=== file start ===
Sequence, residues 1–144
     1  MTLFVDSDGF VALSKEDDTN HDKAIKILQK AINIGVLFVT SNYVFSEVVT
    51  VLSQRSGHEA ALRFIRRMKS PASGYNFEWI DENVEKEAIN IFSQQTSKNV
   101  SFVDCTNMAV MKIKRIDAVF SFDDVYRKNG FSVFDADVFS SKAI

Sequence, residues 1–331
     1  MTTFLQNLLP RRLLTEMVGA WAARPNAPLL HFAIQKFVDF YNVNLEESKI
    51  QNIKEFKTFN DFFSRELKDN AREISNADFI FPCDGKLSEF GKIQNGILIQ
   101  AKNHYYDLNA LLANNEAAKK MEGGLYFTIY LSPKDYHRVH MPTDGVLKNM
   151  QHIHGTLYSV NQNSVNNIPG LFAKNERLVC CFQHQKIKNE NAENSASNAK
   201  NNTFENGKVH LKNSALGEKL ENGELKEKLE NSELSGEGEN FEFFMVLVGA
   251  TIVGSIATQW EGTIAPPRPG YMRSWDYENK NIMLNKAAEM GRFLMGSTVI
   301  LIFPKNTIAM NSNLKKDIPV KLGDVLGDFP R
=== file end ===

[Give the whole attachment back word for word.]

Sequence, residues 1–144
     1  MTLFVDSDGF VALSKEDDTN HDKAIKILQK AINIGVLFVT SNYVFSEVVT
    51  VLSQRSGHEA ALRFIRRMKS PASGYNFEWI DENVEKEAIN IFSQQTSKNV
   101  SFVDCTNMAV MKIKRIDAVF SFDDVYRKNG FSVFDADVFS SKAI

Sequence, residues 1–331
     1  MTTFLQNLLP RRLLTEMVGA WAARPNAPLL HFAIQKFVDF YNVNLEESKI
    51  QNIKEFKTFN DFFSRELKDN AREISNADFI FPCDGKLSEF GKIQNGILIQ
   101  AKNHYYDLNA LLANNEAAKK MEGGLYFTIY LSPKDYHRVH MPTDGVLKNM
   151  QHIHGTLYSV NQNSVNNIPG LFAKNERLVC CFQHQKIKNE NAENSASNAK
   201  NNTFENGKVH LKNSALGEKL ENGELKEKLE NSELSGEGEN FEFFMVLVGA
   251  TIVGSIATQW EGTIAPPRPG YMRSWDYENK NIMLNKAAEM GRFLMGSTVI
   301  LIFPKNTIAM NSNLKKDIPV KLGDVLGDFP R